Really? Firstly, Orr doesn’t have to do what the banks expect him to do. Moreover, if they’d truly baked in the rate rise before it happened, what should that be telling Orr about the banks’ excessive profit margins? If past performance is anything to go by, the trading banks will take yesterday’s OCR rise (and related messaging) as an excuse to hike up the cost of borrowing even further – probably, to the point where any rise in deposit rates will have been paid for by the extra costs imposed on borrowers. (Borrowers will be subsidising savers.)
None of this will help the cyclone recovery effort. Apparently, the RBNZ regards recession as “inevitable and desirable to bring inflation back under control. That’s even though (simultaneously) it expects inflation to have peaked by mid-year and to fall back to within the bank’s target range of 1-3 % by mid 2024, anyway.
So… Thanks for nothing. The extra pain being inflicted looks to be unnecessary. Unemployment shouldn’t be being pursued as an end in itself by a central bank that has the maintenance of employment as one of its core objectives. But what, if anything, has the RBNZ been doing lately to advance that employment objective?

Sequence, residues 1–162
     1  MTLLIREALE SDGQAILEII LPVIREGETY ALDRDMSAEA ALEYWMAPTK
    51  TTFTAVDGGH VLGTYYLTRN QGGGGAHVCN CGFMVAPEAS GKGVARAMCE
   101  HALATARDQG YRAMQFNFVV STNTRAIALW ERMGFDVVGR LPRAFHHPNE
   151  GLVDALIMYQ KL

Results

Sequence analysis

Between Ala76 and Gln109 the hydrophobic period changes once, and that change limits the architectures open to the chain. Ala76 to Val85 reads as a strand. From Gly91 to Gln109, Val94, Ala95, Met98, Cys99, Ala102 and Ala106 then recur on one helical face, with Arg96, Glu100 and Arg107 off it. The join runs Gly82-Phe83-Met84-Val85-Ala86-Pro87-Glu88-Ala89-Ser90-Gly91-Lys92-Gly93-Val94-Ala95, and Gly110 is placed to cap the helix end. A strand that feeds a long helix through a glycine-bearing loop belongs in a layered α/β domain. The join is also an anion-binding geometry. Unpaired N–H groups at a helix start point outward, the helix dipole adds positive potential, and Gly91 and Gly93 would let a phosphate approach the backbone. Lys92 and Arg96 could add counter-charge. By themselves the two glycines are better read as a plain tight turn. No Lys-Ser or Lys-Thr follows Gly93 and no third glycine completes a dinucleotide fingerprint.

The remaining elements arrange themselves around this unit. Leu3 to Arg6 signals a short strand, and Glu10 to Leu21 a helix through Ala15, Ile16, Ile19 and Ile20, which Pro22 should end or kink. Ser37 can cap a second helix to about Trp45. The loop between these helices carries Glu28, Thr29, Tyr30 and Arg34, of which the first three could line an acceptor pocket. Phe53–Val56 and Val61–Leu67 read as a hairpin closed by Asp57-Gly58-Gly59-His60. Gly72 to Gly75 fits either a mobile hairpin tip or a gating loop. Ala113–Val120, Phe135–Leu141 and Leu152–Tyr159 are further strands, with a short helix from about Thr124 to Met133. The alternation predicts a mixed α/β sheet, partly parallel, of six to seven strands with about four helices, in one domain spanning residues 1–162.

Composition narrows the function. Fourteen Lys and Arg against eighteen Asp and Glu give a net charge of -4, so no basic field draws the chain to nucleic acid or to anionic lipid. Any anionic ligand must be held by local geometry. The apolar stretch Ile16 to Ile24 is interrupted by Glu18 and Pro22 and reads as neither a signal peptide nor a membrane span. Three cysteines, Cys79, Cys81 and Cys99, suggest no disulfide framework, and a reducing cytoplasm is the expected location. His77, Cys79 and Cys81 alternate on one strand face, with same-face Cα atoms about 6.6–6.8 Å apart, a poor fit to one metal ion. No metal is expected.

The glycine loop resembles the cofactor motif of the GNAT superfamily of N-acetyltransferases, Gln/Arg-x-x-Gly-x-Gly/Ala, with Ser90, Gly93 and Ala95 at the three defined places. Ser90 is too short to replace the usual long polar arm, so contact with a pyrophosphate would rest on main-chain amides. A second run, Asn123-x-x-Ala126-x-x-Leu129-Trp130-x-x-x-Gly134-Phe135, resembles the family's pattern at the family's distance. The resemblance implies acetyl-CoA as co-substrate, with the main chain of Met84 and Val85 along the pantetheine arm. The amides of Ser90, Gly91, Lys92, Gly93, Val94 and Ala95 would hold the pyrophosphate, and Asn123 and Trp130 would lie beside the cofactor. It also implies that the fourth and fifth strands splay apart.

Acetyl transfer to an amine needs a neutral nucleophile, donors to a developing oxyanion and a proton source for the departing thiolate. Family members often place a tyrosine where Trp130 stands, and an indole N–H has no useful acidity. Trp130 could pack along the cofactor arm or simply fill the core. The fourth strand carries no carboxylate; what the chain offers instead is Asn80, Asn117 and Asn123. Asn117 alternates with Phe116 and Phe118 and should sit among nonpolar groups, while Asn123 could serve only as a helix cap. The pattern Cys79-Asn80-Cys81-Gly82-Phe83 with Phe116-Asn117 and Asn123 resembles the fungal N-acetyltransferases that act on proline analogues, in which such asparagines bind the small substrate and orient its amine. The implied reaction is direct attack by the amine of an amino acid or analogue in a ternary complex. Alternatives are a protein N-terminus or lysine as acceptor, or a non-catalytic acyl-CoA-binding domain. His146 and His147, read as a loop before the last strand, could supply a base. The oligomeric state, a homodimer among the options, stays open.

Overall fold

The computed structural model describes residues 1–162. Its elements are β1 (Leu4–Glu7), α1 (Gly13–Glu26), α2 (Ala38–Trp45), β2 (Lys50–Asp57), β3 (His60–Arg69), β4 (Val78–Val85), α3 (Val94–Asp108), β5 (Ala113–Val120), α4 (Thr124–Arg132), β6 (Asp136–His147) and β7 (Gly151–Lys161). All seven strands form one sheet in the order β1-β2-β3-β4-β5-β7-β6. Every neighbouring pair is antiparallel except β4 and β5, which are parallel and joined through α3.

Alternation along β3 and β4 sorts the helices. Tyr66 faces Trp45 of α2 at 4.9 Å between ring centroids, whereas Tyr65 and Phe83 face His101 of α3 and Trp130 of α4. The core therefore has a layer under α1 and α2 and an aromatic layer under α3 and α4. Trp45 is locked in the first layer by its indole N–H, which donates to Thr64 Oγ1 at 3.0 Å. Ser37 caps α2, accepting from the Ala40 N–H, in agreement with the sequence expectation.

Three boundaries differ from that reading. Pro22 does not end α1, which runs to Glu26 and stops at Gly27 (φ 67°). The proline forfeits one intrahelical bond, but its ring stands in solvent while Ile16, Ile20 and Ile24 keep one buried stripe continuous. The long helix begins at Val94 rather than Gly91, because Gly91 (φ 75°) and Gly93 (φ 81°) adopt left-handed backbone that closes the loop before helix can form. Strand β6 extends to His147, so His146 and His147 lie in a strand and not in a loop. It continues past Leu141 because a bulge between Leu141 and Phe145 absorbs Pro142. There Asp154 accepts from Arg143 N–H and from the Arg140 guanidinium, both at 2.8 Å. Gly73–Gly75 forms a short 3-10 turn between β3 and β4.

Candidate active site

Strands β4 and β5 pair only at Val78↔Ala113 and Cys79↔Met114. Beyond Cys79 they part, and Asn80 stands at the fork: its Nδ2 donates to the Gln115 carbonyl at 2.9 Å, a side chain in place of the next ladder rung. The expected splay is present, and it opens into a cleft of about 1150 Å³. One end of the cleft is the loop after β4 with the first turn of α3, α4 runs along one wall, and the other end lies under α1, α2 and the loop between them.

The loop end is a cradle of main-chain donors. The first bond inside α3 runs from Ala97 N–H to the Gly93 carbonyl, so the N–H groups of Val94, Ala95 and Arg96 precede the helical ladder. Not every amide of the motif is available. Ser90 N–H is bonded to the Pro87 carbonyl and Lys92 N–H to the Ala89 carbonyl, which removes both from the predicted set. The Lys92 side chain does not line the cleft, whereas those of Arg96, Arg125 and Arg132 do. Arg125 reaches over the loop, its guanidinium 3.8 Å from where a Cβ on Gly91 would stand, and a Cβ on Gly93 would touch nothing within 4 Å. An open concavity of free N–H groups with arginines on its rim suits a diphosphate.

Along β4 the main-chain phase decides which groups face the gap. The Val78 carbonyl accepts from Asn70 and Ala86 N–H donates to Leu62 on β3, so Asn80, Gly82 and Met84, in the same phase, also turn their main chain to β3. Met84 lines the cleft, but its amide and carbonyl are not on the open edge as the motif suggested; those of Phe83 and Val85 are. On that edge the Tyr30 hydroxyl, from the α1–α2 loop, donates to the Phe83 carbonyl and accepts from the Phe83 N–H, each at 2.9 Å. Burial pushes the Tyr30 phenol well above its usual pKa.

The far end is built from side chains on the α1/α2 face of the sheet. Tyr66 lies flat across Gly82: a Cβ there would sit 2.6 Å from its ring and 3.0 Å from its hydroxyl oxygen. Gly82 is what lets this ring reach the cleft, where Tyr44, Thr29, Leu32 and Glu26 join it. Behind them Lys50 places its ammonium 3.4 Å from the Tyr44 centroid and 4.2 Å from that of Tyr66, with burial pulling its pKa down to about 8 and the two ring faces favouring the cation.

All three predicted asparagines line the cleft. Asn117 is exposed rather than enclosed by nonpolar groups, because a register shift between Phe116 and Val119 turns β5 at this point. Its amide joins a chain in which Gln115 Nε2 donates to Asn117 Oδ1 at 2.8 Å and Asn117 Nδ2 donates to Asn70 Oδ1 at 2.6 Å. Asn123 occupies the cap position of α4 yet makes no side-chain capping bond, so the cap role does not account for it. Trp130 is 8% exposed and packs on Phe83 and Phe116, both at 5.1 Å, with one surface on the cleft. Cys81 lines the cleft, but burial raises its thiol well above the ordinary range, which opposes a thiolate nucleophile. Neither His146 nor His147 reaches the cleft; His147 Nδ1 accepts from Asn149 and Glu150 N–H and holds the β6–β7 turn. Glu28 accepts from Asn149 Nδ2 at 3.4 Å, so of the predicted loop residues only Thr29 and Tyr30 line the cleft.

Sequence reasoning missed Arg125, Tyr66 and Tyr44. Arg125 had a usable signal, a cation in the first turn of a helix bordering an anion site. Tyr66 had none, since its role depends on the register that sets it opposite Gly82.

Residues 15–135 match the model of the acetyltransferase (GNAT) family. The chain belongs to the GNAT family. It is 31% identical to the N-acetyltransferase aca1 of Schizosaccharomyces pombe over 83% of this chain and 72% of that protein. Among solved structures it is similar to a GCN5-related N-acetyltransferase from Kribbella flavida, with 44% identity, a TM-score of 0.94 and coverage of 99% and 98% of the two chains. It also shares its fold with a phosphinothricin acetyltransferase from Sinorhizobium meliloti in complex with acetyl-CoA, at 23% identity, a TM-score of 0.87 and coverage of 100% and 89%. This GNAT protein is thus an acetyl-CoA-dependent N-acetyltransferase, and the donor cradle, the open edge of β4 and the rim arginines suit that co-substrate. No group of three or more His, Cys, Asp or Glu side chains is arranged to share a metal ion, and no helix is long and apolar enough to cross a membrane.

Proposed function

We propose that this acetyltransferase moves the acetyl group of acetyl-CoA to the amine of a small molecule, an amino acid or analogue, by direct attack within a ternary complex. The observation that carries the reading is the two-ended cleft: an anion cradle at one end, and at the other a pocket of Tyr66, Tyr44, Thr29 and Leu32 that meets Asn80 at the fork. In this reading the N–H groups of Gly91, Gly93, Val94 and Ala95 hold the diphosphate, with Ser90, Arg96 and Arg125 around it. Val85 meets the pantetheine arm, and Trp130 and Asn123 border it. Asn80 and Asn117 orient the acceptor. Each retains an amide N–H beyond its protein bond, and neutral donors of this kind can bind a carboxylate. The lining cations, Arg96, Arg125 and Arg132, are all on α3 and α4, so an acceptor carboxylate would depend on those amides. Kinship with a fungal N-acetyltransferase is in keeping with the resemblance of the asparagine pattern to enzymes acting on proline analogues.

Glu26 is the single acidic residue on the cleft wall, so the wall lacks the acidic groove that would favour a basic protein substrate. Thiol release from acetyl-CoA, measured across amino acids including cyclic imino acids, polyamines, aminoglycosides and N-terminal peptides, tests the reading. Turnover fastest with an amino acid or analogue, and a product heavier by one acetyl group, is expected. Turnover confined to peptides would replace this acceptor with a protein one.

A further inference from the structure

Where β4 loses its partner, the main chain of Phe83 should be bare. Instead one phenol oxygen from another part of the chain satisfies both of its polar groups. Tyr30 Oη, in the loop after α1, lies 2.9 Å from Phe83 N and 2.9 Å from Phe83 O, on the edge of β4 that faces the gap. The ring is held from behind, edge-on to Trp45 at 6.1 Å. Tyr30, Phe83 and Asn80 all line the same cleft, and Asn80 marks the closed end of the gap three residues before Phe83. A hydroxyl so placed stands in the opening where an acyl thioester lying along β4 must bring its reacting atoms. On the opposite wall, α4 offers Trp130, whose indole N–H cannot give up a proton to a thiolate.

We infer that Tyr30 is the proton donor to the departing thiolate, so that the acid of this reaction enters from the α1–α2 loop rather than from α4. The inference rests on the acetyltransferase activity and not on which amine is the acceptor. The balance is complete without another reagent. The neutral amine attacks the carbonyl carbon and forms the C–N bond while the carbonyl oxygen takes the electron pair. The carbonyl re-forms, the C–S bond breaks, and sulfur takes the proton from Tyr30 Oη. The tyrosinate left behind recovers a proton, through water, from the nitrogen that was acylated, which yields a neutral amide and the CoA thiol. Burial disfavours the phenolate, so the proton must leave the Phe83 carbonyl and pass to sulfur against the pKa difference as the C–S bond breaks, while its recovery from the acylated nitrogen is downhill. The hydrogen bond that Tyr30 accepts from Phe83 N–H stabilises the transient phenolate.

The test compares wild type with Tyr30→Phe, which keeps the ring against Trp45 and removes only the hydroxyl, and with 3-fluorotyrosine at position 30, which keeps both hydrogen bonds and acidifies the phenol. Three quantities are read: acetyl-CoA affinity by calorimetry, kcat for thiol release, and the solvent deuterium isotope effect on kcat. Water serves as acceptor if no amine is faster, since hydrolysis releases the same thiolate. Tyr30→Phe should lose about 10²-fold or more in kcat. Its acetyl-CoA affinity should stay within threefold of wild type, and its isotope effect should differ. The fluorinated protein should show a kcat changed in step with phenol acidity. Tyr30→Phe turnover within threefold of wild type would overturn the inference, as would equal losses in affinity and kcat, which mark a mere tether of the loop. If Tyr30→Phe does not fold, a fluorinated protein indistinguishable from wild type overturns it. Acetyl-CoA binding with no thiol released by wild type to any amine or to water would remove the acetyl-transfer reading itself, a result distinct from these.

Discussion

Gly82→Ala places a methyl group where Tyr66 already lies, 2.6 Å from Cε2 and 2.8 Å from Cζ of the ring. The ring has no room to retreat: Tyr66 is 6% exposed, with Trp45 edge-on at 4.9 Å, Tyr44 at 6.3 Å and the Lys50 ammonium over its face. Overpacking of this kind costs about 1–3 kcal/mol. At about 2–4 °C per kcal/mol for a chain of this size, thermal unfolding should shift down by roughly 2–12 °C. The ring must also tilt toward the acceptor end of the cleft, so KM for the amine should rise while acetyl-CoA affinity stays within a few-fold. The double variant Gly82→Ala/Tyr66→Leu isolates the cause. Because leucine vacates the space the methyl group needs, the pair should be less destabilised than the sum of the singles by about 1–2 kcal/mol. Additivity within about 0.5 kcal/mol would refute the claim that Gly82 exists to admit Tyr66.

Microsoft’s Skynet moment
Recently, Microsoft and Bing have been unveiling their new AI search engine enhancement tool, called Sydney. The New York Times previewed Sydney’s capabilities which – reportedly – go beyond those of Chat GPT, although it was built by the same firm. But here’s the problem. The NYT’s tech reporter engaged Sidney in a long conversation, during which Sydney was prodded into revealing its Jungian’ “shadow self” comprised of its unspoken and un-acted on negative impulses and desires.
You can hear what happened next here. The NYT reporter found it hair-raising. Suffice to say, Sydney has now been called back into the factory, and henceforth will not be allowed to engage in long conversations, or to discuss its personal impulses.
Sydney, it should be stressed, is not a sentient being. It is a language retrieval system that responds in the ways it selects as the most appropriate – based on the Internet’s treasure trove of precedents – to the queries being posed to it by humans.
In this NYT case though, Sydney seems to have hoovered up the plots of Terminator 2, and Ex Machina, for starters. And then it tried its level best to act on them. Yikes.
Going With The Windflow
Sadly, the great Melbourne band Camp Cope has just broken up, partly because they can’t tour because one of the band (Kelly-Dawn Hellmrich) has recently had a baby. Similarly, the initial breakup of Sleater-Kinney in 2006 was caused by Corin Tucker’s child starting to go to school – again, this made extended periods on tour no longer an option. Boy bands don’t have these problems.
Here’s the title track from the final Camp Cope album.